A Palestinian rammed his truck into a group of Israeli soldiers on a popular promenade in Jerusalem yesterday, killing four of them.
It was the deadliest Palestinian attack in Jerusalem in months and targeted officer cadets as they disembarked from a bus that brought them to the Armon Hanatziv promenade, which has a panoramic view of the walled Old City.
The military said a female officer and three officer cadets were killed and that 17 others were injured. Police said three of the dead were women.
Police identified the truck driver as a Palestinian from Israeli-annexed East Jerusalem and said he was shot dead. His uncle, Abu Ali, named him as Fadi Ahmad Hamdan Qunbor, 28, a father of four from the Jabel Mukabar neighbourhood.
Police spokesman Micky Rosenfeld said that nine Jabel Mukabar residents, including five members of the attacker's family, were arrested on suspicion of aiding the attacker.
The Israeli military regularly takes soldiers on educational tours of Jerusalem, including the Armon Hanatziv vantage point.
Prime Minister Netanyahu visited the scene and convened his security Cabinet, a forum of senior ministers, to discuss Israel's response. He said that security forces were controlling access in and out of the neighbourhood.
"We know the identity of the attacker. According to all the signs he is a supporter of Islamic State," the prime minister said, referring to Daesh.
A government source said ministers had called for the demolition of the attacker's home and for his body not to be returned to the family for burial. It also decided to detain without trial persons expressing sympathy for Daesh.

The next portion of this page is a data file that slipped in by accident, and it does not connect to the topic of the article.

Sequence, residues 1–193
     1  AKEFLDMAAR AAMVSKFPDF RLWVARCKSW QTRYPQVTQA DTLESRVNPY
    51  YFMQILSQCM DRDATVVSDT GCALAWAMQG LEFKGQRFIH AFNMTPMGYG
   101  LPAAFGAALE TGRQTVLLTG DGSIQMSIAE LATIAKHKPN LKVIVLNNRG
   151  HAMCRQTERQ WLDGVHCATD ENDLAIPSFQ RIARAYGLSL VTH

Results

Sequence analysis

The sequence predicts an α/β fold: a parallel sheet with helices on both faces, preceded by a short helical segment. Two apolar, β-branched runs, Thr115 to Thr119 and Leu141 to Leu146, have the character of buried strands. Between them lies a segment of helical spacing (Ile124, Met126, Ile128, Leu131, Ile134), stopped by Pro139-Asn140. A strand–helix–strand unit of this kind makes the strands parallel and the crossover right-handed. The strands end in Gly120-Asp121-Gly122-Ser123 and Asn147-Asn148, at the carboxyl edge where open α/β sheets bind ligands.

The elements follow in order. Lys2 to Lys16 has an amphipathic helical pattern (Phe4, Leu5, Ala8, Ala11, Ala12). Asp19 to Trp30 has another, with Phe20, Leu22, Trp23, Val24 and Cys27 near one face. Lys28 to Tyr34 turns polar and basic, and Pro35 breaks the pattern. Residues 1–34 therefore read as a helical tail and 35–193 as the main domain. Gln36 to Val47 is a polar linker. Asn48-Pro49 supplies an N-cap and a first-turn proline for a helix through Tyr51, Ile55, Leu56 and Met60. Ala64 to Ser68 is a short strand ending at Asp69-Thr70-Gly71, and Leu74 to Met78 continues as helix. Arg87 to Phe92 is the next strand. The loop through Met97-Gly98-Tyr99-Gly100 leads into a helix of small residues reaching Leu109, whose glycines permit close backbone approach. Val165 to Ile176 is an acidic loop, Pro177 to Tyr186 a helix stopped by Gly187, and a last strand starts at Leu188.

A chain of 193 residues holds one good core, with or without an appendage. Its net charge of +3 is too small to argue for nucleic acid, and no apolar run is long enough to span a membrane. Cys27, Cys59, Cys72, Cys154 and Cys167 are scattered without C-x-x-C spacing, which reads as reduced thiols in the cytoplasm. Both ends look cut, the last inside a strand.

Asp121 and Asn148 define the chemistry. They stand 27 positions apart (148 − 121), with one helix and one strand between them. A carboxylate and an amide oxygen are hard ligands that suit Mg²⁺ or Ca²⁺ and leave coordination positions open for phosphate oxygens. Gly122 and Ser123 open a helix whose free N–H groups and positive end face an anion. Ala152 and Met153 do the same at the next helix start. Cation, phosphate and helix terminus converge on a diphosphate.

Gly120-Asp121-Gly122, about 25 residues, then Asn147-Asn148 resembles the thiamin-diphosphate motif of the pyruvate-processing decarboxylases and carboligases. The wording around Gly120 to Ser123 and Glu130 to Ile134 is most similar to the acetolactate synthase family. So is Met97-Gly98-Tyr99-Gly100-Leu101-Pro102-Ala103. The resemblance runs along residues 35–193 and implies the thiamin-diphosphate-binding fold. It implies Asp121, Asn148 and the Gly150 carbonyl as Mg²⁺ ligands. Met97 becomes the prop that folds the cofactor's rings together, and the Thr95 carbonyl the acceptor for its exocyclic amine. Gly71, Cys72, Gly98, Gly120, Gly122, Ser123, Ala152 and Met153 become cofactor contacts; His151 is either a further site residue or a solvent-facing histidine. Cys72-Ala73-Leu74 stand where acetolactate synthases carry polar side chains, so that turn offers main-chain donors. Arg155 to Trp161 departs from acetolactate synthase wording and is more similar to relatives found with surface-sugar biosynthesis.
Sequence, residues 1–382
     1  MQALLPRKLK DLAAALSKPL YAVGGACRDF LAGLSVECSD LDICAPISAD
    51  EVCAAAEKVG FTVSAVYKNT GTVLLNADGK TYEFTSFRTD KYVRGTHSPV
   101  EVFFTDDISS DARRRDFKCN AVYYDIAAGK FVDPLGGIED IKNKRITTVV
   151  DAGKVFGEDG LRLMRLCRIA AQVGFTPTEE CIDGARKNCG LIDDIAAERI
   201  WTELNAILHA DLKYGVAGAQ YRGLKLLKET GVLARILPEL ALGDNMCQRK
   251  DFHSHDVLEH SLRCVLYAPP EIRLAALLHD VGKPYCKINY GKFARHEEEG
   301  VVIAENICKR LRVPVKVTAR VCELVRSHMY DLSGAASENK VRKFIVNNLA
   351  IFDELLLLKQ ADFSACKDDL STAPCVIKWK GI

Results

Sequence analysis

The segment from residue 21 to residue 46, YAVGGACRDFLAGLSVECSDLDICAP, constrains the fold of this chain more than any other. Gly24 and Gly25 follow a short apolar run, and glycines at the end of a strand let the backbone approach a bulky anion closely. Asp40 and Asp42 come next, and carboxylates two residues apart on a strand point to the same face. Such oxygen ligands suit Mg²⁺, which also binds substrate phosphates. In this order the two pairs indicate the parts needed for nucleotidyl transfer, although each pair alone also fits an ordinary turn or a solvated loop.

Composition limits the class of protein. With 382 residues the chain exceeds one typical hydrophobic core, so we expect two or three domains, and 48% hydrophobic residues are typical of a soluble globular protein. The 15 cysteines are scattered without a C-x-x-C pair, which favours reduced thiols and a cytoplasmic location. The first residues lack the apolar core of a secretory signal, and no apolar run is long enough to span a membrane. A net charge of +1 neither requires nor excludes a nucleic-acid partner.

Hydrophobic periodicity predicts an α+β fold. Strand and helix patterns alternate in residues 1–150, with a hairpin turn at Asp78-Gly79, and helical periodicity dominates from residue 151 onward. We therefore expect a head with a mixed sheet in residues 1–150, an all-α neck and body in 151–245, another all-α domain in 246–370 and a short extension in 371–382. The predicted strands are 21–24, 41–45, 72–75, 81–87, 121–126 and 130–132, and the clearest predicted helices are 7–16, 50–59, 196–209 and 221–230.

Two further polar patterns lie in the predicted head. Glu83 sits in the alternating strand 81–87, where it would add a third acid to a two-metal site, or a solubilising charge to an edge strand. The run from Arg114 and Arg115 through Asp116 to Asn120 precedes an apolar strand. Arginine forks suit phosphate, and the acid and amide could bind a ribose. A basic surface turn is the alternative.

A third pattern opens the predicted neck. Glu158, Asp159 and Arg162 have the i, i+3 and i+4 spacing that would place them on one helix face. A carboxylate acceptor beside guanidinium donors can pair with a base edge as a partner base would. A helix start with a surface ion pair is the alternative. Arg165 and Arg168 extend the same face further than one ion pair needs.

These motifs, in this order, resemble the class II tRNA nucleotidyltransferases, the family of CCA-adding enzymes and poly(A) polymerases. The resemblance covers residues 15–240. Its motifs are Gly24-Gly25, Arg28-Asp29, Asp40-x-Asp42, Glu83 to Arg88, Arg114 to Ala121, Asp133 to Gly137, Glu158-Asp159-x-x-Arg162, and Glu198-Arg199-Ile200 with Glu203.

The United States condemned the attack "in the strongest terms" and offered to help Israel work to determine who was behind the attack, National Security Council spokesman Ned Price said in a statement that also expressed condolences for the victims.
Roni Alsheich, the national police chief, told reporters he could not rule out that the driver had been motivated by a truck-ramming attack in a Berlin Christmas market that killed 12 people last month.
"It is difficult to get into the head of every individual to determine what prompted him, but there is no doubt that these things do have an effect," Alsheich told reporters.
In another attack claimed by Daesh and involving a truck driven into a crowd, nearly 90 people were killed in the French city of Nice in July.
Nickolay Mladenov, the United Nations Special Coordinator for the Middle East Peace Process, sent his condolences to the families while condemning the attack and those praising it.
"It is reprehensible that some choose to glorify such acts which undermine the possibility of a peaceful future for both Palestinians and Israelis," Mladenov said in a statement.
Security camera footage showed the truck racing towards the soldiers and then reversing into them.
A security guard identified only as "A" told Channel 10 how he shot at the truck and its driver.
"I shot at a tyre but realised there was no point as he has many wheels, so I ran in front of the cabin and at an angle, I shot at him and emptied my magazine," he said.
"When I finished shooting, some of the officer cadets also took aim and also started firing."
The footage showed many of the soldiers fleeing the scene as the attack took place, their rifles slung on their shoulders.